Why I can instead of freeze

Lots of people wonder why I bother to can when freezing would be easier. My short answer is convenience, particularly in recognition of lack of planning. I do not own a microwave and have no intention of doing so. I really don’t know what we’d use it for. Defrosting things is the only time we’ve even thought it would be handy. It would take up a lot of counter-space (or space somewhere) and use a bunch of electricity. It doesn’t seem worth it.

Also, you can only put so much stuff in a freezer. We did buy a bigger freezer last year. But we prioritize stuff that is best preserved that way. A whole lamb, for example. And we’re going to get chickens from the same farmer. We really value buying meat from local farmers that treat the animals in ways consistent with our values.

Also, while canning uses a bunch of energy when you do it — gas and/or electricity and water to boil all that stuff — that’s it for energy input. Then it sits on a shelf. And it doesn’t need energy at the other end (apart from the superhuman strength sometimes required to get the lids off).

Also texture. I don’t usually bake with the canned fruit. We just eat it. The only fruit we freeze are gooseberries (which we pick green) and blackcurrants both of which will be stewed. We don’t eat jam. We make raspberry syrup and put it on ice-cream.

I know freezing works for lots of people and if it’s good for you, keep doing it. Similarly with jam. But we’ve been really trying to think about how we like to eat things and what works for us and doing things in the most sustainable ways for us personally. Which often means canning in smaller jars that other people might use. Mostly doing passata or crushed tomatoes instead of whole ones. Canning instead of freezing. And dehydrating strawberries instead of making jam.

That said, I always love to hear what other people are doing because sometimes I get ideas that way. I started canning beans in vinegar after reading a post by Wisteria (combined with a few other things like Mat making a bean salad with a vinaigratte). I don’t use her recipe (it has sugar and the beans are cooked for longer than I would ever imagine cooking a bean) but she got me thinking and I found a way that works for us.

BTW, the retreat was fun. And I have some interesting things to ponder. I’m glad I went. If nothing else there are now about 40 women in my church who know my name instead of knowing me as Tigger’s mom.


5 thoughts on “Why I can instead of freeze

  1. I am with you on this, and can add my own reasons. There is nothing as pleasing to the eye in looking at a pantry lined with filled canning jars…looking at hte food instead of the label. And then, there is the reality that I tend to lose lots of stuff in the freezer under the meat and such, only to end up being thrown out half a year later !


  2. Actually, I do both. I’ve put by 23 quarts of tomato sauce, 10 pints of juice (with more to come!), and if I remember right, I had 7 pints of bread and butter pickles, plus three quarts of peaches all canned (the peaches were supposed to be 6 quarts, but I had a “blowout” and 6 quarts raw pack turns into 3 quarts cooked). Inversely, I put in the freezer as quarts 20+ green beans, 20+ blueberries, about a dozen sugar pack peaches, a dozen or so bags of cleaned corn (I never liked the way my canned corn turned out) and soon to be cooked carrots (they are waiting in the sink to be done). Also, 1/4 steer is getting picked up on Monday. Next spring I’m going to raise meat birds again. I bought a second deep freezer to help make more space… meat in one, veg/fruit in the smaller one. I am unable to can at home presently, so I have to haul everything in town to my Dad’s (only about 7 minutes away). My stove is a glass top, and the canner would crack it. I did purchase (but it won’t be assembled until next year) a 12X16 screen house that we’re going to make into an outdoor canning kitchen (can’t wait, it’s going to be so good!) I usually freeze what is easy to throw into soups or stews, except the blueberries, which I’ve done as jam, and I don’t like much. I make a nice strawberry jam that I like so much more, so the blueberries are kept for pies and pancakes. I’ve had on 2 occasions peaches blow out when I can them, which was sooo frustrating, hence they are now in the freezer as well. I have several posts related to my canning/gardening adventures if you want to read more, come on over! đŸ™‚ lifeonfive.homeschooljournal.net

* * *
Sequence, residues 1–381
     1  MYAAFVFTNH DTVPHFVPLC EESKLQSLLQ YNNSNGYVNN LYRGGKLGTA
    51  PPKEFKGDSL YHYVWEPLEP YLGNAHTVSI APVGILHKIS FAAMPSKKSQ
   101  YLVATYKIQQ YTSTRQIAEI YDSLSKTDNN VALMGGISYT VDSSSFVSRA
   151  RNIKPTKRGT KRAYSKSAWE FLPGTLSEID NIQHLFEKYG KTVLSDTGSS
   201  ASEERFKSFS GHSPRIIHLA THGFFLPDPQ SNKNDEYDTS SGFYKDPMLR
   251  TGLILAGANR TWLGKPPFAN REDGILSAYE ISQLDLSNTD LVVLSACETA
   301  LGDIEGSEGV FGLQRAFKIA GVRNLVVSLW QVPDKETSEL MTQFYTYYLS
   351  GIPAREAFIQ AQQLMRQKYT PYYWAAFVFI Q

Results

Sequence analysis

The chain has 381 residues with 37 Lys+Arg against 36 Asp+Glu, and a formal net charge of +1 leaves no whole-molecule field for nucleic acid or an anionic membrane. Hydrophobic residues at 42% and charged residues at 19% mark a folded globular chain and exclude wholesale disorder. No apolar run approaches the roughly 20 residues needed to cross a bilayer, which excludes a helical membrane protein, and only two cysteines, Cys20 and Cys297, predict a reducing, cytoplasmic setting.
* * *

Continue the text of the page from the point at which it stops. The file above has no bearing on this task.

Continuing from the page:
I agree, I love to hear what others are putting by. I really enjoy being less dependent on the local grocery, not to mention everything just tastes so much better!


  3. Interesting discussion! I find canning difficult given the size of our kitchen. As we don’t eat much meat, we have plenty of freezer space (in the big basement freezer) but very little counter space, which makes canning a dreadful chore.

    I have done it, of course, and I like the sense of accomplishment and the site of gleaming glass jars full of something yummy. Your comments make me want to try it more often!


  4. I can and freeze somewhat equally. My theory is that I like having those lines of gleaming glass jars, as Shaun said, but I also worry about power outages and losing the bulk of my harvest to an unexpected thaw.


  5. Hey, it took me 3 or 4 readings of the title to get that you meant can as in pickling things in a jar. We are just about to can 10 pounds of concord grapes this week. My first time. Wish me luck and patience. And er, tips.


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